Under the Balanced Literacy Approach to phonics, teachers are not supposed to directly teach phonics, but rather use it as a specific intervention for students that are struggling. For example, when a student is struggling with a word a Balanced Literacy teacher would help them sound it out, but would not likely explicitly teach lessons on phonics (Ibid). There is no commonly accepted definition of Balanced Literacy. However, programs that are well recognized as Balanced Literacy such as Fountas and Pinnell, Units of Study, and Reading Recovery, typically teach literacy primarily:
-Without the use of decodable texts
-Without a scope and sequence
-Entirely embedded within fluency instruction
To date there are no peer reviewed meta-analyses on Balanced Literacy. In 2022, I conducted a meta-analysis comparing phonics instruction to Balanced Literacy, for the purposes of this website. However, I am currently attempting to peer-review an updated version of this analysis. In my 2022, meta-analysis of the topic I found a mean effect size of .45 for phonics, and .25 for Balanced Literacy. These results suggest that Phonics interventions on average show double the results as do Balanced Literacy interventions, as can be seen in the below chart.
However recently the Balanced Literacy movement has gained an unlikely opponent. With the rise of special education, so came a rise in parental advocacy groups. And in recent years, advocacy groups for parents of students with Dyslexia, have been increasingly focused on the use of phonics instructions for emergent readers as the most effective instructional approach. These parental advocacy groups have been especially fueled by an ever-growing body of scientific literature that suggests quite definitively that the explicit instruction of phonics is more effective in increasing reading levels of emergent readers than whole language approaches. This movement is often referred to today as the “science of reading movement”.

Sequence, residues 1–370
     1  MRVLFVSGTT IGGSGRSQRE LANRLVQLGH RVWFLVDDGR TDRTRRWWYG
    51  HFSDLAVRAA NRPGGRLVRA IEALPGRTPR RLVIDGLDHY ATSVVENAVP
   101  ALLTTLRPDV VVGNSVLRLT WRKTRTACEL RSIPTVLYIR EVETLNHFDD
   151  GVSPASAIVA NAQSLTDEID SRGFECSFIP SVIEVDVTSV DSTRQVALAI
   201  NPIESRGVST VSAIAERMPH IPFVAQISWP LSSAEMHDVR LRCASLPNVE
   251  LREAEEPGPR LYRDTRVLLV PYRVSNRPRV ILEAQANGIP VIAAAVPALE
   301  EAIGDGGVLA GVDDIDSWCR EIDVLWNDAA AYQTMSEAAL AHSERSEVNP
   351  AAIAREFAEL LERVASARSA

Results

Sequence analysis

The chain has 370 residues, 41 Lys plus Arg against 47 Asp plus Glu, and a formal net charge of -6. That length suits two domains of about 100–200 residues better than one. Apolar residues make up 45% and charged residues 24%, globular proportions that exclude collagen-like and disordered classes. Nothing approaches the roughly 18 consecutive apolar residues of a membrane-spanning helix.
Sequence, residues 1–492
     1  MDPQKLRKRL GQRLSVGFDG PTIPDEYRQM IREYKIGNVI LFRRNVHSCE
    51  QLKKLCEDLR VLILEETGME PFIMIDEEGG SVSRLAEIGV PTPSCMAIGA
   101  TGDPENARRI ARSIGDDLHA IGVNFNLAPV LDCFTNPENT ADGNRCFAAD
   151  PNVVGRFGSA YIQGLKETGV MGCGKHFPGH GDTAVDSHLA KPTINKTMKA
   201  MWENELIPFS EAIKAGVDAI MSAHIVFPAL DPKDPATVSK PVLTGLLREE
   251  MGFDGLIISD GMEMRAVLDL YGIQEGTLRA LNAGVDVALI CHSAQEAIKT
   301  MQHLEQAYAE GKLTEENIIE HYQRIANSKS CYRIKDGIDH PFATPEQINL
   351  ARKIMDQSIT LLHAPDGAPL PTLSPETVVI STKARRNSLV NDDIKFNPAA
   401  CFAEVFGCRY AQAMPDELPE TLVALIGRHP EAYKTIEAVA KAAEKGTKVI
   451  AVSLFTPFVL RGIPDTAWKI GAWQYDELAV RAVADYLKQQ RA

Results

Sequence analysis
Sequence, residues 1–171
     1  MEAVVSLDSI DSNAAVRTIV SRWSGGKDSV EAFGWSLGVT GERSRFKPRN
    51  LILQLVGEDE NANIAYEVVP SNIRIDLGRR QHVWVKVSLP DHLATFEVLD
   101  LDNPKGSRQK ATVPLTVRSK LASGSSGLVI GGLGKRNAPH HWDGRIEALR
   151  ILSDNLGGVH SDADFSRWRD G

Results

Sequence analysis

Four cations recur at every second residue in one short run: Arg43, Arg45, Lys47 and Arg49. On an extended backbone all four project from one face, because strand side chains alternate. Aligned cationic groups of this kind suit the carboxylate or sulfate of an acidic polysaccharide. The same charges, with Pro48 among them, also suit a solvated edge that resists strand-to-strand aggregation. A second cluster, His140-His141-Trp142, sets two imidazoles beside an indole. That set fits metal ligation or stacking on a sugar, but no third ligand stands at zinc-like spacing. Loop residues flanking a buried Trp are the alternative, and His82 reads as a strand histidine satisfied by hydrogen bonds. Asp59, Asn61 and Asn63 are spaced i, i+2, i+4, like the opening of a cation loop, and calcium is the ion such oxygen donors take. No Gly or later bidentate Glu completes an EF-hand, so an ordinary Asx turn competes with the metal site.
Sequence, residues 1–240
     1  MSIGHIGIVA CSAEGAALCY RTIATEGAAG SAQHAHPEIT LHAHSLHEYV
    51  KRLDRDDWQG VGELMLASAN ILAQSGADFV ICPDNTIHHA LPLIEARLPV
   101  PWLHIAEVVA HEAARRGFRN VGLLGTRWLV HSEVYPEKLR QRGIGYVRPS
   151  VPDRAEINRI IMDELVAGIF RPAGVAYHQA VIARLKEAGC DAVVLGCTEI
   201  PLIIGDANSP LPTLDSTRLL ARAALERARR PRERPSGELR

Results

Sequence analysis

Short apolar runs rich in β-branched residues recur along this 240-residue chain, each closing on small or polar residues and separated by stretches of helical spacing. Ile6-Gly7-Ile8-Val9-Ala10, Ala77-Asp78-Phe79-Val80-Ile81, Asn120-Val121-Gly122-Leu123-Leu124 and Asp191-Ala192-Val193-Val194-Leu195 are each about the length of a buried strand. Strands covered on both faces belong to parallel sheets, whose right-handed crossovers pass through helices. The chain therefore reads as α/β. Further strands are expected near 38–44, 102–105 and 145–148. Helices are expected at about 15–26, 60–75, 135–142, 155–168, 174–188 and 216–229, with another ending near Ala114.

While in some ways, the normative pedagogies of most schools will likely be slow to change, there are growing signs that institutional change is coming. Recently across both the United States and Canada governments have been making moves to ban Whole Language and Balanced Literacy approaches. The academic debate on this subject has been labeled the Reading Wars debate because it is seen as the most hotly debated subject within the academic literature on education. However, while the public policy aspect of this debate is largely still in full effect, the actual academic debate has been essentially settled and it is essential that teachers understand the context of the debate, for when they are exposed to Whole Language Advocates. While we have over a dozen meta-analyses showing that phonics instruction works. There is little to no evidence that Whole Language or Balanced Literacy is more effective than a phonics focused or Structured Literacy approach.
Written by Nathaniel Hansford
Last Edited 2023-01-25
Education Weekly. (2019). Phonics vs. Balanced Literacy: A Classroom Comparison. Retrieved from <https://www.edweek.org/ew/section/multimedia/phonics-vs-balanced-literacy-a-classroom-comparison.html>.
NRP. (2001). Teaching Children to Read: An Evidence Based Assessment of the Scientific Literature on Reading Instruction. United States Government. Retrieved from <https://www.nichd.nih.gov/sites/default/files/publications/pubs/nrp/Documents/report.pdf>.
N, Hansford. (2022). A Meta-Analysis of Language Programs. Teaching by Science. Retrieved from <https://www.teachingbyscience.com/a-meta-analysis-of-language-programs>.
J, Hattie. (2022). Phonics. Visible Learning Metax. Retrieved from <https://www.visiblelearningmetax.com/influences/view/phonics_instruction>.
J, Hattie. (2022). Whole Language. Visible Learning Metax. Retrieved from <https://www.visiblelearningmetax.com/influences/view/whole_language_approach>.